Case: James Baird Co. v Gimbel Brothers, Inc.

(1933) 381-383 - US Court of Appeals, 2nd Circuit, Judge Hand Parties: Plaintiff - Baird (offeree, contractor) Defendant - Gimbel (offeror, linoleum supplier) Lower court found for defendant. Plaintiff appeals.

Procedural History:

Facts: Dept of Highways in PA was accepting bids from contractors for the construction of a public building. Gimbel was a linoleum seller, and had an employee compute the amount of linoleum necessary for the construction, but there was an error, and the amount computed was only half of what was actually needed for the job. Before they found out about this mistake, Gimbel sent out offers to contractors who would probably bid on the job. ○ Dec 24th - Gimbel sent out the offer ○ Dec 28th, in the following order: § Baird rec'd the offer § Gimbel learned of their mistake, and telegraphed all contractors to whom it had sent an offer that they withdrew that offer and would re-issue another for double the amount § Baird put in a bid for the job, depending on the price offered by Gimbel § Baird found out about Gimbel's error ○ Dec 30th, Baird's bid was accepted ○ Dec 31st, Gimbel confirmation letter of withdrawal was rec'd by Baird ○ Jan 2, Baird formally accepted Gimbel offer When Gimbel would not recognize the existence of a contract, Baird sued for breach of contract. Issue: Holding: Did plaintiff's reliance on offer make it a binding contract? Not binding, because no consideration. Affirmed for defendant.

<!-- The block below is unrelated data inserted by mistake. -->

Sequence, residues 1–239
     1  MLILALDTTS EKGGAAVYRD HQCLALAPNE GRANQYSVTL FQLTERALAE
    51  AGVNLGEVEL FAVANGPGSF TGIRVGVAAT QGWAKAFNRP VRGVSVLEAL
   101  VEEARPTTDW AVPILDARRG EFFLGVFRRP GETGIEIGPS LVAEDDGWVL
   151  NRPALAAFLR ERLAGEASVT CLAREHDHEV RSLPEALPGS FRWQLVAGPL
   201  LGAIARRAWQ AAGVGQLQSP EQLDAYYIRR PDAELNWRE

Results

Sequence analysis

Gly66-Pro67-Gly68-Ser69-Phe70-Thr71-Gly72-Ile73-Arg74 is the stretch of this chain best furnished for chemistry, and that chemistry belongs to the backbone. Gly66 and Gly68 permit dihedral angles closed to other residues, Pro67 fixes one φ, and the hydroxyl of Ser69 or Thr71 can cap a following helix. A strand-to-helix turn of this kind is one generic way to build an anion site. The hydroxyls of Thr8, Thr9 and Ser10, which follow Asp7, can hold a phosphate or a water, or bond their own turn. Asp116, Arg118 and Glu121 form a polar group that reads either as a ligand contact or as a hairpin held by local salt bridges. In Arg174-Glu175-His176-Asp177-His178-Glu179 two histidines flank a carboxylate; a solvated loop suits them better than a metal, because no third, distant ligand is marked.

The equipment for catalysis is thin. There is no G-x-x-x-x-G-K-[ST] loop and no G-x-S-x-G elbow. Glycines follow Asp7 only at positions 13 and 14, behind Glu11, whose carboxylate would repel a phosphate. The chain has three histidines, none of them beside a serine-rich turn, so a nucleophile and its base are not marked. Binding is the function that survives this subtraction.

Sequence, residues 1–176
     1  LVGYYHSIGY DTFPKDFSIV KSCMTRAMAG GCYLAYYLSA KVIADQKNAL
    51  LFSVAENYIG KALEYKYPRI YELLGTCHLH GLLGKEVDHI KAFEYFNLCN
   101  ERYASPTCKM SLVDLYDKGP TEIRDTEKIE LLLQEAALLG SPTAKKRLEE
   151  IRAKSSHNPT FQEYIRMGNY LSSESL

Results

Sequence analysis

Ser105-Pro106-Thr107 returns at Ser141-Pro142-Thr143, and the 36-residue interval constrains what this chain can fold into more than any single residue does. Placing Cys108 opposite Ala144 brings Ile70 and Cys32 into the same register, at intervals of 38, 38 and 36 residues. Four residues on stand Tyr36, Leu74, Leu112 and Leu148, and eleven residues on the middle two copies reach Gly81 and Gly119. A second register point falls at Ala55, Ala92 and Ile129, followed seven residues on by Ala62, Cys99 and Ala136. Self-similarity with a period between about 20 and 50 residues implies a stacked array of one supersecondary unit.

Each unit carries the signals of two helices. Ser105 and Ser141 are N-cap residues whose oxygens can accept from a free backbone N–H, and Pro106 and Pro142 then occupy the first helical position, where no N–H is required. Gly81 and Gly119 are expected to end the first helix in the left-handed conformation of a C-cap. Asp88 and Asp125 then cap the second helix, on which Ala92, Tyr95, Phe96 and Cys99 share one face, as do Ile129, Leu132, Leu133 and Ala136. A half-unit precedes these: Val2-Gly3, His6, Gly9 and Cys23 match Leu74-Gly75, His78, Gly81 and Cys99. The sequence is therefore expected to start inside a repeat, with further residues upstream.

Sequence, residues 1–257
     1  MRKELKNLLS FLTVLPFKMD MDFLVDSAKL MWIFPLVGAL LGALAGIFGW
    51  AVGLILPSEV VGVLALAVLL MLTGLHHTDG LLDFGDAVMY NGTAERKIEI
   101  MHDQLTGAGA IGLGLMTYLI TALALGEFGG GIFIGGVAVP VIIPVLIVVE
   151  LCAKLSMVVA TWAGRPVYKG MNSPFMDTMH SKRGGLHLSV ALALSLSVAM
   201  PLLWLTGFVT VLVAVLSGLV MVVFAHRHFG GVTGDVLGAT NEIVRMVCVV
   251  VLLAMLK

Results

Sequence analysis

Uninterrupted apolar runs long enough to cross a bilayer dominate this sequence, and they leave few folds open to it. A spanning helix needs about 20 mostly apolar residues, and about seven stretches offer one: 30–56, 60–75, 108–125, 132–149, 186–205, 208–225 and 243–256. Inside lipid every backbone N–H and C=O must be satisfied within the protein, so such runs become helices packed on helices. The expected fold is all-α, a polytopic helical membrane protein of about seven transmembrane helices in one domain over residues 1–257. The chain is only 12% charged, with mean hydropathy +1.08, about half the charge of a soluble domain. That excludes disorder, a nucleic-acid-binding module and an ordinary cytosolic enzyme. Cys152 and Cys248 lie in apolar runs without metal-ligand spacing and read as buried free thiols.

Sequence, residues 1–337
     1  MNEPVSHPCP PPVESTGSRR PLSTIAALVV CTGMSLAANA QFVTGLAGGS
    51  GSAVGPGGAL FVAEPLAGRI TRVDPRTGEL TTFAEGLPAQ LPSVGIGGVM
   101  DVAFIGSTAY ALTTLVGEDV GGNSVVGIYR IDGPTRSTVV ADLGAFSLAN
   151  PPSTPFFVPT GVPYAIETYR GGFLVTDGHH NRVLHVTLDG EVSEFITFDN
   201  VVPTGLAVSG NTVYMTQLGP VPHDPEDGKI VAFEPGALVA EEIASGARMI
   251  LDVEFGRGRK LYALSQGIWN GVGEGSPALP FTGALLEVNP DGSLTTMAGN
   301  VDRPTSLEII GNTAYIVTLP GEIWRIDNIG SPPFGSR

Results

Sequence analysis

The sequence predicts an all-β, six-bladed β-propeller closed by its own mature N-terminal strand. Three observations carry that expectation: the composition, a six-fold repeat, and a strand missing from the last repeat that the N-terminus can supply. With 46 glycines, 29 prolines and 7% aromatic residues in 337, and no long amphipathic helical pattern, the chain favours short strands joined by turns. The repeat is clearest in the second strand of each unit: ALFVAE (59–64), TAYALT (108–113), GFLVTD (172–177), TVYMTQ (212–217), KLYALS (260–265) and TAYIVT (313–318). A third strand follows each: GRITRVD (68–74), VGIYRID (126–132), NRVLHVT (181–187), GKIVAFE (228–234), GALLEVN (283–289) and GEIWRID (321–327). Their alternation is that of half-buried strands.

Reasoning: Gimbel had withdrawn their offer before Baird could accept. Baird had argued that his placing a bid was in effect acceptance because of the language in Gimbel's offer, "if successful in being awarded this contract, it will be absolutely guaranteed,[… and] prompt acceptance after the general contract has been awarded." Court says no, there would not have been a contract until Baird accepted Gimbel's offer to sell the linoleum after Baird was awarded the general contract. So no contract. Plaintiff also argues promissory estoppel, but court says if there is an offer, but no consideration, then there is no promissory estoppel, even if there was reliance. Promissory estoppel is usually reserved for contracts of a donative nature (unilateral contracts; gifts), not in a situation where there is a bargained-for exchange. Court says promissory estoppel will not be applied in cases where there is an offer for exchange, as the offer is not intended to become a promise until consideration is received. Notes Court says offer was withdrawn before it was accepted. Plaintiff pleading in the alternative, if they lose on contract theory, they will try to win on promissory estoppel. Gimbel's offer said "to supply all the linoleum required by the specs at two different lump sums" Gimbel's asked for a bid Offer conditioned on communication of assent. Doesn’t become a contract without

such communication. For the subcontractor to rely in this manner on the linoleum bid was unreasonable. (2nd circuit - NY relies on 2nd circuit)